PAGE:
A 16-year-old boy with acute leukemia of ambiguous lineage developed tender, 1- to 2-cm erythematous plaques and nodules during treatment with chemotherapy. Previously, he had been well, with morphological remission found on a recent bone marrow biopsy. The patient had no significant dermatological history, except an allergy to cashew nuts and a prior episode (6 mo) of urticaria during a platelet transfusion that had resolved with 1 dose of oral antihistamine. The patient’s medications included ondansetron, aprepitant, prednisolone, and oxycodone (supportive care initiated with chemotherapy), and long-term posaconazole and trimethoprim/sulfamethoxazole treatment.
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Lesions were noted on day 2 of the fourth cycle of a chemotherapy regimen comprising fludarabine, cytarabine, and filgrastim (G-CSF). Initially present over the distal limbs, palms, and soles, the lesions progressed to the proximal limbs and lower trunk during 24 hours (Figure, A and B). The patient developed a fever, which we extensively investigated. Intravenous cefotaxime was commenced, but because no infectious source was identified, the fever was thought to be secondary to cytarabine.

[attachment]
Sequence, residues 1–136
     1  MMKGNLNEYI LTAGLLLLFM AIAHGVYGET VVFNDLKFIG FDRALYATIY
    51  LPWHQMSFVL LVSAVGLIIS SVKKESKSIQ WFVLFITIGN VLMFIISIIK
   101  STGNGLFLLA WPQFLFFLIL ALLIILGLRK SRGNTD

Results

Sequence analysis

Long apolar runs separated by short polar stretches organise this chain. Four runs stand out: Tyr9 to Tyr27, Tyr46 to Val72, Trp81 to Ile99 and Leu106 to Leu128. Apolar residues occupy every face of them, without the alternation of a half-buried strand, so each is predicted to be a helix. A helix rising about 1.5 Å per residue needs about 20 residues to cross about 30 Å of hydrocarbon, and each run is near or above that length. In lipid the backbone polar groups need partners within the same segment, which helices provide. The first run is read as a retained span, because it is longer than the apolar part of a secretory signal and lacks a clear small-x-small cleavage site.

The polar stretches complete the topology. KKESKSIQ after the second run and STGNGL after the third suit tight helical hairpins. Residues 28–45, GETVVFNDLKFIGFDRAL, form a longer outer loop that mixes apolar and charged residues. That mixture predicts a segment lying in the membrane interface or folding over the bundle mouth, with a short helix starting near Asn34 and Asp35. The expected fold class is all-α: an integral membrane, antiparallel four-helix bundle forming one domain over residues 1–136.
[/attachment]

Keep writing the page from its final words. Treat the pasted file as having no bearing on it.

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Corresponding Author: Arabella Wallett, MBBS, Women’s and Children’s Hospital, South Australia, 72 King William St, North Adelaide, Adelaide, South Australia 5006, Australia (email@example.com).
Published Online: December 30, 2020. doi:10.1001/jamaoncol.2020.6134
Conflict of Interest Disclosures: None reported.
Additional Contributions: We thank the patient’s mother for granting permission to publish this information.
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